Supporting the listing of the Northeastern Pacific population of white sharks as endangered or threatened would allow California to minimize the unwanted catching of white sharks at state fisheries and acquire funding to help understand white shark population trends and threats.
Learn more about what you can do to protect white sharks.
- The California Fish and Game Commission
President James Kellogg and Commissioners
I am writing to support listing of the Northeastern Pacific population of white sharks (Carcharodon carcharias) as endangered or threatened under the California Endangered Species Act.
As top predators, sharks play a very important role in our ocean ecosystem, and are one of the few natural predators of seals and sea lions in California. However, the Northeastern Pacific white shark population, which ranges from Mexico to the Bering Sea, and offshore to Hawaii, is at risk. Population assessments estimate that there are only a few hundred adult sharks in this range, and they are vulnerable to ongoing threats, such as incidental catch, pollution, and other issues.
As a long-lived species with low reproductive rates, the recovery of white sharks is threatened. I am concerned that the continual decline of white sharks in the Northeastern Pacific will have a negative impact on the balance and health of our valuable and unique California Current ecosystem unless greater conservation measures are implemented. Listing the white shark will allow for additional public and scientific discussion, which will benefit the ability to manage and protect their population and the ecological benefits white sharks provide.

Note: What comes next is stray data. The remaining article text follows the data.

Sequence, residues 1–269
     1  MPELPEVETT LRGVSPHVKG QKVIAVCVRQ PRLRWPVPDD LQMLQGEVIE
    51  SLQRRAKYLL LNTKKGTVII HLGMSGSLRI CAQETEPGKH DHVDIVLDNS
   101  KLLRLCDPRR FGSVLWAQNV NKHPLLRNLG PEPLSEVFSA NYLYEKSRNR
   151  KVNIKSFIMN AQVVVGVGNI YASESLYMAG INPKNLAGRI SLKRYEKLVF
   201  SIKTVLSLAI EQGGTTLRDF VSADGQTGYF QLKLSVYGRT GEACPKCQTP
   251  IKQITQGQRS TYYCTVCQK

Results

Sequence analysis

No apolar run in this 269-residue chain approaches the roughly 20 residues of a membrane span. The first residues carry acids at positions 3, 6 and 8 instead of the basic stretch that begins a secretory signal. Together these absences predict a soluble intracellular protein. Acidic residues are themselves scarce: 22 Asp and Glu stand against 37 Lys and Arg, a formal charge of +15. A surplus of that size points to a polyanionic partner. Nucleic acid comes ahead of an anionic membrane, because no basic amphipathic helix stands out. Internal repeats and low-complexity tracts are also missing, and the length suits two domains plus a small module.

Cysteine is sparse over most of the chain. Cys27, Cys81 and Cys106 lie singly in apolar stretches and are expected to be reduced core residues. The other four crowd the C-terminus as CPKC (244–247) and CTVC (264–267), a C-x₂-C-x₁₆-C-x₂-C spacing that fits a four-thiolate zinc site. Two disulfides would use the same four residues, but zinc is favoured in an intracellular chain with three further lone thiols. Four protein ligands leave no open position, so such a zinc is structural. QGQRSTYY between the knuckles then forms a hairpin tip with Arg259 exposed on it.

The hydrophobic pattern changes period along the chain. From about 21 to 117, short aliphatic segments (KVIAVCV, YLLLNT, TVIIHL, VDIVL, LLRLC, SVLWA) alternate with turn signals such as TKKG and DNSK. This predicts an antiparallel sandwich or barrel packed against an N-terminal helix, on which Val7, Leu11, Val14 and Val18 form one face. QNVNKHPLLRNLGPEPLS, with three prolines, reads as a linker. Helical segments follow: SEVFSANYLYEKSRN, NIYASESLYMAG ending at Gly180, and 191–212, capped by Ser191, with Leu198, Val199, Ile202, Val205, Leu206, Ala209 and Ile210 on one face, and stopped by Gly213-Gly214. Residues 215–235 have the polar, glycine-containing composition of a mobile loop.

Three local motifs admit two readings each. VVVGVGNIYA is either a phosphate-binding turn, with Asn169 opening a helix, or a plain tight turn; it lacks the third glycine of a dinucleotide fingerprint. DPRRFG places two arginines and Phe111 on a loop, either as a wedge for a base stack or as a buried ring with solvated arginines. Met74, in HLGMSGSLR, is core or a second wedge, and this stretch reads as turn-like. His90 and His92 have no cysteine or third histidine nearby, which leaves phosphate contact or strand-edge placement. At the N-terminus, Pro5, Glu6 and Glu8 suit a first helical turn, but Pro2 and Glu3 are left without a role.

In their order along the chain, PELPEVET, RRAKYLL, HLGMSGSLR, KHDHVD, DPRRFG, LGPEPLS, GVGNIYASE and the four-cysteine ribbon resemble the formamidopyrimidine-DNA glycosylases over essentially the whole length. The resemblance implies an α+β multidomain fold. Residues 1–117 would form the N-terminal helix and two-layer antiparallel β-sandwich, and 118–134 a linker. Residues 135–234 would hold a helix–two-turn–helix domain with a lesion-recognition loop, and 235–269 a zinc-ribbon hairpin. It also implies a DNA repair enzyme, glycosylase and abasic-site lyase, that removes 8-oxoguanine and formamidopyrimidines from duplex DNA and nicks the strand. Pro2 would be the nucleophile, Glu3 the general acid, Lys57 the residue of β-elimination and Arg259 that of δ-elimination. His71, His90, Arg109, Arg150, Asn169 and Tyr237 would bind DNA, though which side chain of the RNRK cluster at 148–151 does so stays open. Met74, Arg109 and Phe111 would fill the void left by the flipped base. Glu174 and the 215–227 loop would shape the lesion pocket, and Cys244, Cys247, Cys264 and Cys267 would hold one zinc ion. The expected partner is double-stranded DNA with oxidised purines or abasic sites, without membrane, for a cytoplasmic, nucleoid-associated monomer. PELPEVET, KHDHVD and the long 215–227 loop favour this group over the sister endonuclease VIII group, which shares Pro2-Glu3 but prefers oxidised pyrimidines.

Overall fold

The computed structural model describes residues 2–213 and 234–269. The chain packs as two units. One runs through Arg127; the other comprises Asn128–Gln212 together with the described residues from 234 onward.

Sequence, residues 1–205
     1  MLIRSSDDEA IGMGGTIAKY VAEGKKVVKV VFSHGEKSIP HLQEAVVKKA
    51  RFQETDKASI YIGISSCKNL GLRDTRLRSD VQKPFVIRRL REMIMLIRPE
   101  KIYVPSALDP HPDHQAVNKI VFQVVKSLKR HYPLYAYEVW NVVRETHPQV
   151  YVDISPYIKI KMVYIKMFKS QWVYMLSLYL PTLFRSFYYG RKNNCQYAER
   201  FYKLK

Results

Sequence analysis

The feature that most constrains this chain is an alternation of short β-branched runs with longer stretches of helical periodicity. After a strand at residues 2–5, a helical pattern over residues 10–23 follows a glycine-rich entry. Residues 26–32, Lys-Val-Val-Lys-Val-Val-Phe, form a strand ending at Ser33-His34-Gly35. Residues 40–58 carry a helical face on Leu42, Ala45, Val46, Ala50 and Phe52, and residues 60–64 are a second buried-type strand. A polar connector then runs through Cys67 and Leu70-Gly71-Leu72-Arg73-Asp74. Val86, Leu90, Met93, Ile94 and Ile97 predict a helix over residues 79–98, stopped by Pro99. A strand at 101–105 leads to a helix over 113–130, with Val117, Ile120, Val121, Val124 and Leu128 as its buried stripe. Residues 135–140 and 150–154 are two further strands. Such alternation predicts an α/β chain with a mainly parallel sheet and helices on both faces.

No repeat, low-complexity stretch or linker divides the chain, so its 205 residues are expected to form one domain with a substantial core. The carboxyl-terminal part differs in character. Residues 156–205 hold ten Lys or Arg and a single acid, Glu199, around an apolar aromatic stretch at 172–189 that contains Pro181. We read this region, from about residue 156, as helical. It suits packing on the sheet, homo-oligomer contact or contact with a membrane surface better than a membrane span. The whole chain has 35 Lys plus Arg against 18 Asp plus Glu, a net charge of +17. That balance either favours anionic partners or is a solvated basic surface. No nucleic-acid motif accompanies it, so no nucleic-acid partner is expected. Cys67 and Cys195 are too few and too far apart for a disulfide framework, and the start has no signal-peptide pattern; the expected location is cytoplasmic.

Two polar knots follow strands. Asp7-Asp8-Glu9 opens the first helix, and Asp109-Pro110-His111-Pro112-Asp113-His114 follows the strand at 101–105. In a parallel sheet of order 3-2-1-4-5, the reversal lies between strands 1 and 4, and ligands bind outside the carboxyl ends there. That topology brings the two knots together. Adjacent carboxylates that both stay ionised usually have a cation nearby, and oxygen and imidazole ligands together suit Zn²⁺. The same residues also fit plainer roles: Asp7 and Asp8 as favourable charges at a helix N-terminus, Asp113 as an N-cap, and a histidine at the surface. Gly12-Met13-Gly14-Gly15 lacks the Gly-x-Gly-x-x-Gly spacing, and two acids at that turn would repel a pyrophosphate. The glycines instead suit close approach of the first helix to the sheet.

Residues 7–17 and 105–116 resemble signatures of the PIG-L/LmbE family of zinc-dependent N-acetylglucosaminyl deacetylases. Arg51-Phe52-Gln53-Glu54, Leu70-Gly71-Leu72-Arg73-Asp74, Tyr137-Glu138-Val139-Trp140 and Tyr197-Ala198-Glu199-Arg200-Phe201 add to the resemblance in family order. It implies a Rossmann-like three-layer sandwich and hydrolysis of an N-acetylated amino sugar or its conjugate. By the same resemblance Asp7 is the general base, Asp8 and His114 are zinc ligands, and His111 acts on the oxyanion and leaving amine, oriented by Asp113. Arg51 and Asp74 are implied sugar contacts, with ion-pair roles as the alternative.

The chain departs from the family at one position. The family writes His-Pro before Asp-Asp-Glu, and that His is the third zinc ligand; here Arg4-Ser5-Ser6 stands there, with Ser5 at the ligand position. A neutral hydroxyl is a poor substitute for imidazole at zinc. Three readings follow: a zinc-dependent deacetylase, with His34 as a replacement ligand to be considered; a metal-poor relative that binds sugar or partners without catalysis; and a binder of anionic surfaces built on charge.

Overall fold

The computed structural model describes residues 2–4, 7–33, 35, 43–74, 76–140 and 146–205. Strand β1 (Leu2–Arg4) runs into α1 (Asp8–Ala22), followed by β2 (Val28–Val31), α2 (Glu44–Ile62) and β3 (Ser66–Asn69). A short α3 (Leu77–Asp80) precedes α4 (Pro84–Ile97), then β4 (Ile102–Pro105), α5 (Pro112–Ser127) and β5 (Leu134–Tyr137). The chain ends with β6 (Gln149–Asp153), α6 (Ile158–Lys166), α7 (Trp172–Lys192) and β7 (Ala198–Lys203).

The primary documented threat to the Northeastern Pacific population of white sharks is commercial gillnet fishing. While fishing for white sharks is prohibited in the United States, there are no limits on white shark bycatch. Juvenile white sharks are entangled as bycatch by set and drift gillnet fisheries in their nursery habitats off the coast of California. Logbook records and observers indicate that these gillnet fisheries incidentally entangle juvenile white sharks— catching up to 25 white sharks annually off Southern California alone. Furthermore, observer coverage on these boats is low, so bycatch may even be higher.
Listing white sharks as endangered or threatened would serve several benefits; including increased onboard observer coverage in gillnet fisheries, implementation of management measures to minimize white shark bycatch, and promote research to better understand white shark population trends and threats in order to promote recovery. Please take action to list the Northeastern Pacific population of white sharks as threatened or endangered. Thank you for your consideration.
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